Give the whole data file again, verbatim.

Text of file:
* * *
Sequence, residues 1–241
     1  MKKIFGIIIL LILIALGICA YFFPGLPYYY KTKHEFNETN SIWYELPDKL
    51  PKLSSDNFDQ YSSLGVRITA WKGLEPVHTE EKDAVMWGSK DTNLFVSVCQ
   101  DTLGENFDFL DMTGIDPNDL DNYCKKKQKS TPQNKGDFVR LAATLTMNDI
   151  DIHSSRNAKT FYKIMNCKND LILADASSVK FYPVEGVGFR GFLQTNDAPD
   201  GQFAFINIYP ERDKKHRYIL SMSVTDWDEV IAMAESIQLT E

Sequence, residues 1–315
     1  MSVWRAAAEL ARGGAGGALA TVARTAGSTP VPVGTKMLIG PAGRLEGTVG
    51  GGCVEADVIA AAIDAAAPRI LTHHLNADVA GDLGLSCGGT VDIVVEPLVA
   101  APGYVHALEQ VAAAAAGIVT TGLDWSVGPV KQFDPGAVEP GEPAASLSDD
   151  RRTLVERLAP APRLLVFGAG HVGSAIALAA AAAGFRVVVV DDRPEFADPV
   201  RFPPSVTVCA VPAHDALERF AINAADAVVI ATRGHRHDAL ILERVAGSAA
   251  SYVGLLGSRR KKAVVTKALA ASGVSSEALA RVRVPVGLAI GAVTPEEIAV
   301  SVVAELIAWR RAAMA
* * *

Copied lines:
Sequence, residues 1–241
     1  MKKIFGIIIL LILIALGICA YFFPGLPYYY KTKHEFNETN SIWYELPDKL
    51  PKLSSDNFDQ YSSLGVRITA WKGLEPVHTE EKDAVMWGSK DTNLFVSVCQ
   101  DTLGENFDFL DMTGIDPNDL DNYCKKKQKS TPQNKGDFVR LAATLTMNDI
   151  DIHSSRNAKT FYKIMNCKND LILADASSVK FYPVEGVGFR GFLQTNDAPD
   201  GQFAFINIYP ERDKKHRYIL SMSVTDWDEV IAMAESIQLT E

Sequence, residues 1–315
     1  MSVWRAAAEL ARGGAGGALA TVARTAGSTP VPVGTKMLIG PAGRLEGTVG
    51  GGCVEADVIA AAIDAAAPRI LTHHLNADVA GDLGLSCGGT VDIVVEPLVA
   101  APGYVHALEQ VAAAAAGIVT TGLDWSVGPV KQFDPGAVEP GEPAASLSDD
   151  RRTLVERLAP APRLLVFGAG HVGSAIALAA AAAGFRVVVV DDRPEFADPV
   201  RFPPSVTVCA VPAHDALERF AINAADAVVI ATRGHRHDAL ILERVAGSAA
   251  SYVGLLGSRR KKAVVTKALA ASGVSSEALA RVRVPVGLAI GAVTPEEIAV
   301  SVVAELIAWR RAAMA